Although Monsanto has never yet produced a commercialized crop using this technology, despite holding the patent for 20 years–there is no guarantee that this will not change in the future. In addition to the concern on patents, many are concerned about the possible damaging, long term consequences from GMO Crops.
Aside from all these fears, there has as yet been no concrete evidence that GMO technology is helping the world food crisis. In an article published by the Environmental Working Group (EWG) research analyst Emily Cassidy, states “Unfortunately, the only things popping up faster than herbicide-tolerant super-weeds are the unsupported claims of GMOs’ benefits”.
A report published in June 2013 by the United Nations Environmental Program (UNEP), states that “About one-third of all food produced worldwide, worth around US$1 trillion, gets lost or wasted in food production and consumption systems”.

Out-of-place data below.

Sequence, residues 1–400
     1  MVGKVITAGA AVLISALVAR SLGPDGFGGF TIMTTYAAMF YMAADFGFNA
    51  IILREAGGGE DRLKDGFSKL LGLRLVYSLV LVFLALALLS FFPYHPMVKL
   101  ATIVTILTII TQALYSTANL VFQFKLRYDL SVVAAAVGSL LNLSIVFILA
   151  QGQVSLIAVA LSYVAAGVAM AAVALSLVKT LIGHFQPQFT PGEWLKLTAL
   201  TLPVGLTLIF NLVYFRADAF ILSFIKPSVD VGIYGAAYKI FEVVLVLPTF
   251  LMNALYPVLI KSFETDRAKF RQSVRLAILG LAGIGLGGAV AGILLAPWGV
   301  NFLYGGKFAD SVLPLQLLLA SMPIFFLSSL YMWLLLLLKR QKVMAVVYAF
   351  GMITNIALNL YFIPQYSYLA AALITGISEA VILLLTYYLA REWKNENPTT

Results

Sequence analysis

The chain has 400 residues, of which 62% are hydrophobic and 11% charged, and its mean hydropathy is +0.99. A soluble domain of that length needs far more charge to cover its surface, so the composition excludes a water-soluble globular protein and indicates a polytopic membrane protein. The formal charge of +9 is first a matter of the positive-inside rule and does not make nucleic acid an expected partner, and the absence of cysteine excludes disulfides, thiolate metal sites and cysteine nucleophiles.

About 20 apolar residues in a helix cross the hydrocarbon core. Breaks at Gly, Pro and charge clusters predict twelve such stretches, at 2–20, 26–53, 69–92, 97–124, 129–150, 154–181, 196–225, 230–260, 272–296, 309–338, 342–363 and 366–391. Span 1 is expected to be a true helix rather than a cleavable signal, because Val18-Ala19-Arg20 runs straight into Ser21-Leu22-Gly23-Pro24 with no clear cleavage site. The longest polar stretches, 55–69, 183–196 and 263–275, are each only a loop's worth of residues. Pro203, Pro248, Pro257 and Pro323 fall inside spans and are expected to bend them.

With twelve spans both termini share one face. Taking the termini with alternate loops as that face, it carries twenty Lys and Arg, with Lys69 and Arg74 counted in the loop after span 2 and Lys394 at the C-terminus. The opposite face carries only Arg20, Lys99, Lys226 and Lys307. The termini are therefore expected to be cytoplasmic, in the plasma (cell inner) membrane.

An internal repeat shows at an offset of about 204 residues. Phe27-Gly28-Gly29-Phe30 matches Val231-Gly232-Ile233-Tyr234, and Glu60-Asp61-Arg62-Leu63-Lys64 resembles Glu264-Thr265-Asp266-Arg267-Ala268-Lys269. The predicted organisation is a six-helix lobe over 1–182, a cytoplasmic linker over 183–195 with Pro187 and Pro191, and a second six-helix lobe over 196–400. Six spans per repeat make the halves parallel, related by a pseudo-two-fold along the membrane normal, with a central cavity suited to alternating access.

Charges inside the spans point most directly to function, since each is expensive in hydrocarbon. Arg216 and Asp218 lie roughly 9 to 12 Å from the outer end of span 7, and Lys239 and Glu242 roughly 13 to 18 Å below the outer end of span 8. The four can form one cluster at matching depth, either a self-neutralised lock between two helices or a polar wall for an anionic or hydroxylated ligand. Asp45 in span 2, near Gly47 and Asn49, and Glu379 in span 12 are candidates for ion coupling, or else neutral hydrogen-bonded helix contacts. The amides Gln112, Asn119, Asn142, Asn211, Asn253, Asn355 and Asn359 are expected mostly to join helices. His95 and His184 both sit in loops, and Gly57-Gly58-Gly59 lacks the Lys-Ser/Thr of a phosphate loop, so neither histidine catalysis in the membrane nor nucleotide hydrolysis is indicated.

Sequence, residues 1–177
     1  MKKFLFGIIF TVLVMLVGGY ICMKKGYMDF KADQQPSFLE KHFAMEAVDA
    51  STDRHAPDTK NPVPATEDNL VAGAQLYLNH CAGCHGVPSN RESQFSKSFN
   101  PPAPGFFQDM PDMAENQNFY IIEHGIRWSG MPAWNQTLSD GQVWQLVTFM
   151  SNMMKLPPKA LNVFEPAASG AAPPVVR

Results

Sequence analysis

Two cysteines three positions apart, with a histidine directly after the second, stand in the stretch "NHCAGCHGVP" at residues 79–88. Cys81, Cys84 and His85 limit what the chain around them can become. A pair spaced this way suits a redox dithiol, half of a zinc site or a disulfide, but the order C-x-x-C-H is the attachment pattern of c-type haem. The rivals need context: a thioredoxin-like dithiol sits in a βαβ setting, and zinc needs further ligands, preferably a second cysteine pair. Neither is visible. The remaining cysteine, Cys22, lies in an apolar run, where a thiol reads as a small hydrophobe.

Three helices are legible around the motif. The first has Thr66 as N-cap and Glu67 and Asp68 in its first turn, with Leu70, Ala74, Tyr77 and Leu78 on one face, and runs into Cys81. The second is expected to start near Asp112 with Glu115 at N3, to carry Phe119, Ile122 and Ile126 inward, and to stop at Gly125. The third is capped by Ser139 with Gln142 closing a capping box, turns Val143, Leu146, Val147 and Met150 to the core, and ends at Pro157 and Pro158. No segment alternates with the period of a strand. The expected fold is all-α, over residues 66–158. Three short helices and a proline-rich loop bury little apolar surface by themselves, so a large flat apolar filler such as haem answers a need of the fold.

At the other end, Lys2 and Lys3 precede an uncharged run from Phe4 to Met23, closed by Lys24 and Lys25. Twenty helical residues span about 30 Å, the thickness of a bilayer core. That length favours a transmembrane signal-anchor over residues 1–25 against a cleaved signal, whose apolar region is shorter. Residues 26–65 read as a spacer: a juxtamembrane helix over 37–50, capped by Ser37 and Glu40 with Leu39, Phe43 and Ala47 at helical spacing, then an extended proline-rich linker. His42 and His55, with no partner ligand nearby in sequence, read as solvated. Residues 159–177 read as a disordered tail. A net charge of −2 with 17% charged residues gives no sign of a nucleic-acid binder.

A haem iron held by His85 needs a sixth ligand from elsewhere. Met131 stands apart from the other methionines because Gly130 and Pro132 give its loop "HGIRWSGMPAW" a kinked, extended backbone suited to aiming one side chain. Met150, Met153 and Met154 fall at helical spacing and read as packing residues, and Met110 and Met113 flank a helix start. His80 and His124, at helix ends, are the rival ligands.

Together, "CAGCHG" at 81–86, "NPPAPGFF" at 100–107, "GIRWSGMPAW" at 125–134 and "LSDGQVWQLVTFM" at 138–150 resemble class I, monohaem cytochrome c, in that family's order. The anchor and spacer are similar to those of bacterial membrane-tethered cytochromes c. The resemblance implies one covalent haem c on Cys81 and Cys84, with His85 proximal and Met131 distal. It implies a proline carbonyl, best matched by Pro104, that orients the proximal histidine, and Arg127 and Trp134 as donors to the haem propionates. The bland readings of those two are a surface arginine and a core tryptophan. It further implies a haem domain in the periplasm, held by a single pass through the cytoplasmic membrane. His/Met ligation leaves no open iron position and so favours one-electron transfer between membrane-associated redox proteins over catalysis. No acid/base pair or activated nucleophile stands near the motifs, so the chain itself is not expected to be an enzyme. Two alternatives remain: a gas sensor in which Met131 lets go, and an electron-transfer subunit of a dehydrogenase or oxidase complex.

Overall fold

The following facts regarding food wastage are taken from the UNEP website:
Food Wastage Worldwide
- Every year, consumers in industrialized countries waste almost as much food as the entire net food production of sub-Saharan Africa (222 million vs. 230 million tons)
- The amount of food lost and wasted every year is equal to more than half of the world’s annual cereal crops (2.3 billion tons in 2009/10).
Food Wastage in the US
- In the USA, organic waste is the second highest component of landfills, which are the largest source of methane emissions
- In the USA, 30-40% of the food supply is wasted, equalling more than 20 pounds of food per person per month.
Tossing Out: Where Does America’s Food Waste Go?
Following France’s lead on reforming legislation which enforces supermarkets to donate more of their waste food to charities; Italy has now passed a similar law. There is also increasing pressure on the UK government to introduce similar measures.
Many people mistakenly believe that food shortages are the root cause of starving populations across the world. Unfortunately a few Corporations with questionable ethics are taking advantage of this viewpoint–by pushing their GMO propaganda as an effective solution to world hunger, while offering no real proof that this actually works..